TAIPEI (Taiwan News) – The chairman of Taiwan’s biggest carrier, China Airlines (CAL), apologized Thursday (July 25) for the cigarette smuggling scandal which has affected the company, the nation’s top intelligence agency, and the Presidential Office.
At the same time, an airline staff member responsible for duty-free products was freed on bail following questioning by investigators, reports said.
The scandal exploded last Monday (July 22), within hours of President Tsai Ing-wen’s (蔡英文) return from a successful visit to four Caribbean allies and two stopovers in the United States.
Two officers of the National Security Bureau (NSB) were alleged to have brought 9,800 cartons of cigarettes duty-free into the country using the president’s arrival as cover. Later investigations alleged that the practice had been going on since at least 2014 under President Ma Ying-jeou (馬英九).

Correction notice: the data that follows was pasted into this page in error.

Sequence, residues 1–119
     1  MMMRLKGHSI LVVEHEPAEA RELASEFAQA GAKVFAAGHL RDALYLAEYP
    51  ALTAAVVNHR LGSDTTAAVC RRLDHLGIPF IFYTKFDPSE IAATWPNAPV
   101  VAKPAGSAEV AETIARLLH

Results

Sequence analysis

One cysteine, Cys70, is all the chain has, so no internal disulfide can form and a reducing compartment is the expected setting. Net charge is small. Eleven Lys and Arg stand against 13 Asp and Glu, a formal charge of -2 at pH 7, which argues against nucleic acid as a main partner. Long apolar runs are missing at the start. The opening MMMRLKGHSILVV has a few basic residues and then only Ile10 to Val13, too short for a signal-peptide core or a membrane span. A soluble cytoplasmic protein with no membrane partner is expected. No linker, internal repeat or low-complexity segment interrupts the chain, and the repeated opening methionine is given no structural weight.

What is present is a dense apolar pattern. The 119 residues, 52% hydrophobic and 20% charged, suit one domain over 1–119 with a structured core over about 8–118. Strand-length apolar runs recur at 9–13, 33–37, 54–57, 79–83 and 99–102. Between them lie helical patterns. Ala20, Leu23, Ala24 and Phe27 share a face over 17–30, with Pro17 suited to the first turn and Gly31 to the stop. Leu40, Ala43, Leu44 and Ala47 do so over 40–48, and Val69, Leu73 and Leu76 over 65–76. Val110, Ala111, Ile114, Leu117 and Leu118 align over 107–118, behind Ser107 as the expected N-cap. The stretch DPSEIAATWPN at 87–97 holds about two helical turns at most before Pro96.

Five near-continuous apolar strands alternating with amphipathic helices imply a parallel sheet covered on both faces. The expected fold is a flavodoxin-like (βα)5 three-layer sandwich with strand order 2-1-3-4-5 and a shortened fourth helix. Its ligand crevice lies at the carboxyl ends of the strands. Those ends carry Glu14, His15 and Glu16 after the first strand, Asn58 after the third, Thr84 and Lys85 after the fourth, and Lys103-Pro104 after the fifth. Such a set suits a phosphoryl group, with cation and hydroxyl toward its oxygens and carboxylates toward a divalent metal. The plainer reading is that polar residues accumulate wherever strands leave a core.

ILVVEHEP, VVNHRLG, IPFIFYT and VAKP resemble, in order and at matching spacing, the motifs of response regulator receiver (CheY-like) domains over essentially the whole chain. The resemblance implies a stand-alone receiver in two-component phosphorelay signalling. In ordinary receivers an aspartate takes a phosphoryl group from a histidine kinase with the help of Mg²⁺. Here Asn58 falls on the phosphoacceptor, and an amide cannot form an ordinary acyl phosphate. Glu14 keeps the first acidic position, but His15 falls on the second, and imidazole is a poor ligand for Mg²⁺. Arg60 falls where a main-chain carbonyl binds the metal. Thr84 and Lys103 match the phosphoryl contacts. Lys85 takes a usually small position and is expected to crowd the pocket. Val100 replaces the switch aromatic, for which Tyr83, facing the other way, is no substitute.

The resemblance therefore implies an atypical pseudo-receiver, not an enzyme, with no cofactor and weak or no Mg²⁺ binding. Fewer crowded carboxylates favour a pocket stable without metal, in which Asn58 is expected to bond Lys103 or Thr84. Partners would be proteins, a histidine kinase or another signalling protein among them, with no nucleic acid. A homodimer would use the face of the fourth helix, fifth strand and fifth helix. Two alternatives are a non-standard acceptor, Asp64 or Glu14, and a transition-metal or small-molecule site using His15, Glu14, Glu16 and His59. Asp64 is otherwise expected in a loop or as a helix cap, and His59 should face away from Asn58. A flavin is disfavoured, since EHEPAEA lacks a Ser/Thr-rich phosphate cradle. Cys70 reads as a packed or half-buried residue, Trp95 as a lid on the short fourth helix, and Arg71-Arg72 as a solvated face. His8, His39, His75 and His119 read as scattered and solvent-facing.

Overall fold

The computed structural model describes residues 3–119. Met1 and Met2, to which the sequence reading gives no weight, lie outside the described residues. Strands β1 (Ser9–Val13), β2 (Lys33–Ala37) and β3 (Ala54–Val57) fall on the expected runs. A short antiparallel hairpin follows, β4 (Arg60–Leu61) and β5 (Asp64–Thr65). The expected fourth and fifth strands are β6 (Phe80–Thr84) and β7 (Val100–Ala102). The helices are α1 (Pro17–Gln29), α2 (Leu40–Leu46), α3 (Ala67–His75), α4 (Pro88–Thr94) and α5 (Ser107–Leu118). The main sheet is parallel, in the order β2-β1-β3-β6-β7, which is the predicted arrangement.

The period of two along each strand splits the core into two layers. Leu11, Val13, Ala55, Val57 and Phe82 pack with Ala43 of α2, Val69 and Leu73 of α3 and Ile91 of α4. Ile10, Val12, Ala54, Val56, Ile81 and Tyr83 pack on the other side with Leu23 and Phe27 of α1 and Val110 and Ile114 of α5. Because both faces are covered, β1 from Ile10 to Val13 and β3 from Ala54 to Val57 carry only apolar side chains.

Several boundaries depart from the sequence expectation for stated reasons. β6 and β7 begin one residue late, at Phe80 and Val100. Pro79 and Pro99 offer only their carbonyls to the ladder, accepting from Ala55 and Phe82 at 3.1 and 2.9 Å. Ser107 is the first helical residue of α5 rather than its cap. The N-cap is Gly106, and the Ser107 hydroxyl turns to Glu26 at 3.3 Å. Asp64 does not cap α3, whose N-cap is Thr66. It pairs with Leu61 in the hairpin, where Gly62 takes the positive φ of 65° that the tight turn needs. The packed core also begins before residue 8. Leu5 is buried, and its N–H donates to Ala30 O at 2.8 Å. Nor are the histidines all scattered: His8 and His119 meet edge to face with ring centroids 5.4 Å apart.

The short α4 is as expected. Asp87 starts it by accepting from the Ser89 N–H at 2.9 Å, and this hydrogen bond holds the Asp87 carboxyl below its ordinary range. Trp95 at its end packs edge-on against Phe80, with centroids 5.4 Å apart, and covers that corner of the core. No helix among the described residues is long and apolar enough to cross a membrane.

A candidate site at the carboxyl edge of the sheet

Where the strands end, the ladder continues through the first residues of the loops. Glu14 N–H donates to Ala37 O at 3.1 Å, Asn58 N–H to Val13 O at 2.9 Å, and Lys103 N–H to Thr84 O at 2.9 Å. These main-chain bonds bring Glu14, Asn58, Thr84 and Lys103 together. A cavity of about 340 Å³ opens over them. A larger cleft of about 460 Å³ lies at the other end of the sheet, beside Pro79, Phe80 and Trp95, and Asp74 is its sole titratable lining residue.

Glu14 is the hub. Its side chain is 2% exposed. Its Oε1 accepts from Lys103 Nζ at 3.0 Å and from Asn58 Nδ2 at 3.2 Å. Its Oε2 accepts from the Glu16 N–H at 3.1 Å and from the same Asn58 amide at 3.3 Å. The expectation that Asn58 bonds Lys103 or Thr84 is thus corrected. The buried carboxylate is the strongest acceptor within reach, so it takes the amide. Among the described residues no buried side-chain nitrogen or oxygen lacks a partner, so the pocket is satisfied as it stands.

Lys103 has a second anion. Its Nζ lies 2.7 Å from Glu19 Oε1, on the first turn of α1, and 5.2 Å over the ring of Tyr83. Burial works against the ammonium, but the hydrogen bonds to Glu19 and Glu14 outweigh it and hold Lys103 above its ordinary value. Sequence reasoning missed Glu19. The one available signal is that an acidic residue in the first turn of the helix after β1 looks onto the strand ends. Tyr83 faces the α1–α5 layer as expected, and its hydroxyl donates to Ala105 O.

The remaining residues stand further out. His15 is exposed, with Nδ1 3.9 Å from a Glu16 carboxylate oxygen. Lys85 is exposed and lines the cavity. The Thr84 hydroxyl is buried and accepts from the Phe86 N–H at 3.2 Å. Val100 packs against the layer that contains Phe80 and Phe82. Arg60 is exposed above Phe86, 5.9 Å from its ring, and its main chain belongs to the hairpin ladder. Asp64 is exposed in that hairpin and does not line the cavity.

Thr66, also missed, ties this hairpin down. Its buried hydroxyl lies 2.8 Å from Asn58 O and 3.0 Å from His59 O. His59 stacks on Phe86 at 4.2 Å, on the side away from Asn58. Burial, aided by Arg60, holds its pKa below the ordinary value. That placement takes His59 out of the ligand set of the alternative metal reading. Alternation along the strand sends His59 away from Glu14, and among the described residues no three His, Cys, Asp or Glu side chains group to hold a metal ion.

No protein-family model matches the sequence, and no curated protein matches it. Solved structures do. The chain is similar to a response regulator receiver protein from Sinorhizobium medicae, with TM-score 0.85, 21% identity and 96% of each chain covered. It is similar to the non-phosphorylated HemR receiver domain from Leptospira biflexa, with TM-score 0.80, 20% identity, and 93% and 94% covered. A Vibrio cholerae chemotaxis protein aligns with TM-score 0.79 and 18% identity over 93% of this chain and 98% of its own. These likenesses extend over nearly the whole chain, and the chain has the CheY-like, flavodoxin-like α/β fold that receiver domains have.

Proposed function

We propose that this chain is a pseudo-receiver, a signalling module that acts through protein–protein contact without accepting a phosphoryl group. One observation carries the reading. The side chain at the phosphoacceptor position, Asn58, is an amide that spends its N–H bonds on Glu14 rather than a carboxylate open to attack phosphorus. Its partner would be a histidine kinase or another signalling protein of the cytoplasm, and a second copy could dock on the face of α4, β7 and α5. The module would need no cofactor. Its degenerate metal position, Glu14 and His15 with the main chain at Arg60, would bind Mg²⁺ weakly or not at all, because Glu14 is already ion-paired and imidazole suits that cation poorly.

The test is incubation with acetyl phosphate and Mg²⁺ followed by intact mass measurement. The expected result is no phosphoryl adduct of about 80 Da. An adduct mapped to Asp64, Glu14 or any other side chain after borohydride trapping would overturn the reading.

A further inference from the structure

Following angry complaints from the Ministry of Transportation, CAL Chairman Hsieh Shih-chien (謝世謙) appeared at a news conference Thursday afternoon to offer his apologies for the scandal.
He also promised that in future, special flights would be subject to the same regulations for duty-free products as scheduled flights, the Central News Agency reported.
The airline chairman also revealed that on the most recent presidential flight, a total of 10,009 cigarettes cartons had been sold, of which 9,274 had been ordered beforehand and of which 735 were sold on board. But since all transactions had been made on board, they counted as overseas sales, Hsieh added.
He rejected allegations that high-level managers at the airline had been involved in the dealings, according to CNA.
The list presented by the airline showed that since Ma’s time in office, more than 8,500 cartons had been sold during CAL presidential flights, while under Tsai, a total of about 26,000 had changed hands.
Later Thursday, media reported that a CAL official in charge of duty-free purchases had been released on a NT$200,000 (US$6,400) bail following questioning by prosecutors. The two NSB officers at the heart of the scandal were ordered to be held incommunicado earlier in the week.
One of them reportedly told investigators that he had ordered the cigarettes from the CAL official.